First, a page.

You can get it now and scream with me in excitement because I’m perpetually four years old at Christmas (that was the year I got “Little Mermaid.” A very pivotal year for me) and I like sharing things with you, cuties.
You can get it now and scream with me in excitement because I’m perpetually four years old at Christmas (that was the year I got “Little Mermaid.” A very pivotal year for me) and I like sharing things with you, cuties.
Now that I’ve divulged all my secrets to you in an adorable polka dot video with manicured nails, I want to hear YOURS!!!! Part of this song, though it’s super fun, surrounds the belief that sharing vulnerable parts of ourselves with other people can be really freeing. When we share our secrets with each other (secrets often meaning aspects of ourselves that are shrouded in guilt and shame), we’ll be one step closer to a more beautiful and fulfilled society.
That said, I LOVE TELLING SECRETS. I LOVE LETTERS. I love postcards. I love stamps. I love cat stickers.
I bet some of you do too, which is why I thought:
Wouldn’t it be neat if we all sent each other postcards of our secrets??
Click here to get in on the secret-postcard-fun! Share your secrets and get an anonymous secret snail-mailed from someone else. I want us all to know that we can share who we are and what we are with everyone and you shouldn’t be ashamed of it.
Check out the postcards that you can choose from:
There are so many amazing things happening I can barely contain myself. I’m like a kid with ten rolls of bubble tape and very little self-control (what’s good 90′s reference)!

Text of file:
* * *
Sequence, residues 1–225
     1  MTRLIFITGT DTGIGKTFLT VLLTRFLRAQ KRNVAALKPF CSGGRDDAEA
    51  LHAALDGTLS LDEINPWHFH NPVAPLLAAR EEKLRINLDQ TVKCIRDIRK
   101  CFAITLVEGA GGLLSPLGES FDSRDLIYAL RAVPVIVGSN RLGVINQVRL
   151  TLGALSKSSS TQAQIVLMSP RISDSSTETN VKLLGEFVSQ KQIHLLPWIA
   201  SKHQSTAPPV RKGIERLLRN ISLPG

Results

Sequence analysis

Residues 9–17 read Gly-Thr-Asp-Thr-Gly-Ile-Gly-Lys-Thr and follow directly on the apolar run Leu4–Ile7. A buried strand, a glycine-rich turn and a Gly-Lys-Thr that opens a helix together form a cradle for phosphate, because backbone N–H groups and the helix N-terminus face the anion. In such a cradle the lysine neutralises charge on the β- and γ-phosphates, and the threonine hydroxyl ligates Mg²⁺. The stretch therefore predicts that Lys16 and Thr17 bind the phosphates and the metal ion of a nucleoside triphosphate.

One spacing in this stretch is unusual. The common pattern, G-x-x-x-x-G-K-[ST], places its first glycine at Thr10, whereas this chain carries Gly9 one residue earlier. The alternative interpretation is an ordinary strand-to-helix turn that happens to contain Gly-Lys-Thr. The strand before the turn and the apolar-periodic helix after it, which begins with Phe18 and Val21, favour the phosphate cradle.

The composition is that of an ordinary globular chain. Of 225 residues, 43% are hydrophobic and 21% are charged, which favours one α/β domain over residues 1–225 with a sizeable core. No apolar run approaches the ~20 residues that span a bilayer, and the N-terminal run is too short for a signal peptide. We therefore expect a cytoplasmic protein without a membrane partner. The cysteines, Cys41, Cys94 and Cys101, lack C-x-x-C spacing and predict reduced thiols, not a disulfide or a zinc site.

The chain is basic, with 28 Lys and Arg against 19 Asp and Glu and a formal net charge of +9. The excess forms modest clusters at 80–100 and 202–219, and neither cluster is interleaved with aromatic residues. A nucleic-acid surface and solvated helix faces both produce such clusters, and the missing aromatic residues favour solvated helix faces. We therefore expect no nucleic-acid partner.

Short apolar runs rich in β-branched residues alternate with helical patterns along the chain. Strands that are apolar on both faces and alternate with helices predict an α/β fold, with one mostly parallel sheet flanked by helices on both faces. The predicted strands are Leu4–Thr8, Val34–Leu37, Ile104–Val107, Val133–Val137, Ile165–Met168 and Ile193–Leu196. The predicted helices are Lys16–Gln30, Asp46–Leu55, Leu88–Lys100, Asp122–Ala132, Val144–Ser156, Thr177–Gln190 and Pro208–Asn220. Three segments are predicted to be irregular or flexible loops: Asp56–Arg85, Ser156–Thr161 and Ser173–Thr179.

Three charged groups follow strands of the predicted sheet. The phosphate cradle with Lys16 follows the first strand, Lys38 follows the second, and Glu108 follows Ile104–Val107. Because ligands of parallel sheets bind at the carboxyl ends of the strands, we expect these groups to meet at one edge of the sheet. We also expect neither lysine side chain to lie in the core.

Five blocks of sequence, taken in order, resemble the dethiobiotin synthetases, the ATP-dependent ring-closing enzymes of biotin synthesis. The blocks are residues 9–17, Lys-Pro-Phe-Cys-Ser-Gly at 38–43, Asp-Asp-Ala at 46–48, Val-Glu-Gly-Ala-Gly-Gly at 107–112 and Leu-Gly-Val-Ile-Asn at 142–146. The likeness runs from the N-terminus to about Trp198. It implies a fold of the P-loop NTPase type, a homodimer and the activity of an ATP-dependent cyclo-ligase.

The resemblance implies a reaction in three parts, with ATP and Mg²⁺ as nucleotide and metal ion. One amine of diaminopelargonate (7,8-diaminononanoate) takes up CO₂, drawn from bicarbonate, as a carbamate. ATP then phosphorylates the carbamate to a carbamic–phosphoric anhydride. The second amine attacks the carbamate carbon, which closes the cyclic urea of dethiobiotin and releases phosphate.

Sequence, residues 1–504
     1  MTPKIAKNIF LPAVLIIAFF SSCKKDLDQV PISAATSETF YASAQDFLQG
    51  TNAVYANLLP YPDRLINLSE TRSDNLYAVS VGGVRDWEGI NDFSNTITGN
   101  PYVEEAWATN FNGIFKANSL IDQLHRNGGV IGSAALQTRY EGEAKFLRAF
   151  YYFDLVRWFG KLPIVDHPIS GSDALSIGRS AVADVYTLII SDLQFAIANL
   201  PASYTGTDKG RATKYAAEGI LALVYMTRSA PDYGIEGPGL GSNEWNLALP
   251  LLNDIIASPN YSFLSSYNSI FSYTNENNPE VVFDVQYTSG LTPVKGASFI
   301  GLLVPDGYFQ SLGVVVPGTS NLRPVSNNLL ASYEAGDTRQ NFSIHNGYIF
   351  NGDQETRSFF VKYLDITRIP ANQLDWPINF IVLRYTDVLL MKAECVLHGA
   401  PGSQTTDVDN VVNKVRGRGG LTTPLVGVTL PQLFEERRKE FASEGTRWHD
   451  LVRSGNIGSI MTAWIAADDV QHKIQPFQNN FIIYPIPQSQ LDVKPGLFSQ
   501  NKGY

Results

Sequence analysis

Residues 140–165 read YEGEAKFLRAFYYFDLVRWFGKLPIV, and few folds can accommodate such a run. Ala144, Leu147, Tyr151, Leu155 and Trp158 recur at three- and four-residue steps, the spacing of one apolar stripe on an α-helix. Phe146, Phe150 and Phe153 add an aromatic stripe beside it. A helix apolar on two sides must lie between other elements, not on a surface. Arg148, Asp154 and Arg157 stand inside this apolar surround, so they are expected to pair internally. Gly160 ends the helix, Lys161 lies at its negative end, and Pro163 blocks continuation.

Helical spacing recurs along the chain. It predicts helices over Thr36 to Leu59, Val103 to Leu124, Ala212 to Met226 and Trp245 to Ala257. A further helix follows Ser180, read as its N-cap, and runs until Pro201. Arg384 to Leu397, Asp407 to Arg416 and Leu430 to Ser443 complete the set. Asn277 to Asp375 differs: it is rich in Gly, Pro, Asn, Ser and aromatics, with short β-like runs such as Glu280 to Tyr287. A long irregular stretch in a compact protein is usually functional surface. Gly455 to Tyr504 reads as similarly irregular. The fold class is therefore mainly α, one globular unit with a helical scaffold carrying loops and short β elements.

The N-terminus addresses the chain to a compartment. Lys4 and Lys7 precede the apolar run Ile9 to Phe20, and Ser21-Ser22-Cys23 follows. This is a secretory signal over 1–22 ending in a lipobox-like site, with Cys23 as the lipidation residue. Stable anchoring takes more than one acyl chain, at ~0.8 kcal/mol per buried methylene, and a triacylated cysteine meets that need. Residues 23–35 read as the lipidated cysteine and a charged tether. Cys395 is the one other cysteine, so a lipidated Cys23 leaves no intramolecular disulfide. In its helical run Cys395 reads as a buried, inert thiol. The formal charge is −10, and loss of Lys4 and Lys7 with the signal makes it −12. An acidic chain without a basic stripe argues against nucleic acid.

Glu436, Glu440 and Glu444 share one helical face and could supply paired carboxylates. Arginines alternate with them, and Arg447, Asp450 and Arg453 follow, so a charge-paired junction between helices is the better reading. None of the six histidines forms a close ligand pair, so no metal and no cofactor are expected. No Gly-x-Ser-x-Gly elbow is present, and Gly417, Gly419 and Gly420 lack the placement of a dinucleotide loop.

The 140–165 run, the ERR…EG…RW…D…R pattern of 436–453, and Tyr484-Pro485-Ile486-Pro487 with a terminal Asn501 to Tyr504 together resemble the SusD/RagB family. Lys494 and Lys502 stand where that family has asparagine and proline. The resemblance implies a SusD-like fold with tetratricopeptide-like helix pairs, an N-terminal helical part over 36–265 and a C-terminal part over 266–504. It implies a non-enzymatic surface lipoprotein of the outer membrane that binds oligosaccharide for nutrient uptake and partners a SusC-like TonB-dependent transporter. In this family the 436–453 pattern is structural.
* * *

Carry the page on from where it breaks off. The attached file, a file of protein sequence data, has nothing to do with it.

My new single “Secrets” has officially hit the radio!
To the lucky angel baby pies who have heard it already, it means the world to me that you are saying such nice stuff about it. I’m so proud of this song, and I’m SO excited you like it! If you haven’t heard it on your radio station yet, CALL, TWEET OR SEND A CARRIER PIGEON TO REQUEST. We’re getting an easy bake oven for the bus. I will attempt to send each of you cupcakes.
The official music video for “Secrets” where I rock a viking helmet and party hard with confetti is on it’s way, but to tide you over, here’s a super cute lyric video that’s got polka dots and fun animations and a magic notebook.
(Also, don’t worry pretty babes, the song will be available on iTunes soon)
ALSO ALSO! My FIRST full-length record, Heart on My Sleeve, is going to come out in the next couple months (ISN’T THAT AN ACCURATE TITLE FOR ME AS A HUMAN BEING?!? The alternate title was: Crying Ball of Feelings and Magic, but the pitch didn’t go well).
The greatest news ever is that I’m signing a buttload of limited edition CDs and vinyls and you can pre-order it now!!!! (VINYL! I’M SO HIP!). You can pre-order one for you and your grouchy next-door neighbor who needs a good dose of feels by clicking HERE YAY
I feel all your love all the time, and I give you so many bear hugs back, babes. Let’s save the world with feelings and positive magic rays of goodness.
Yay yay yay yay! I am so excited to show off some new merch! I will ship it to you ANYWHERE IN ALL THE LAND. Here is a link to the merch store!
You can now purchase the bandanna with Body Love in my handwriting.
Or maybe you want a neat something to hang on your wall! You can pick up a ‘She Keeps Me Warm’ lyric poster!
Maybe Body Love is something that touched you! Well I want to touch you! That sounded better in my head! I meant I want you to feel soft in a comfy T-shirt. There are Body Love posters too!
And remember, the merch site is the only place you can order my collection of poetry, ’500 tips for fat girls’. It’s kind of like ’500 days of summer’ except it’s not. Not even close. I lied.
Also, HAPPY FOURTH!!
EEEEE PATRIOTIC CATS!!!
Hey beautiful babes,
My new single, SECRETS, is now being played on the radio!!!! I CAN’T BELIEVE IT! I’ve been pinching myself the last couple days. Totally surreal.
Secrets is a song about being unapologetically yourself! And it’s catchy! And I’m so so proud to have made something that has a message AND is fun. After thinking I could only write music to cry to, this is an amazing step in my journey to be the best songwriter I can be.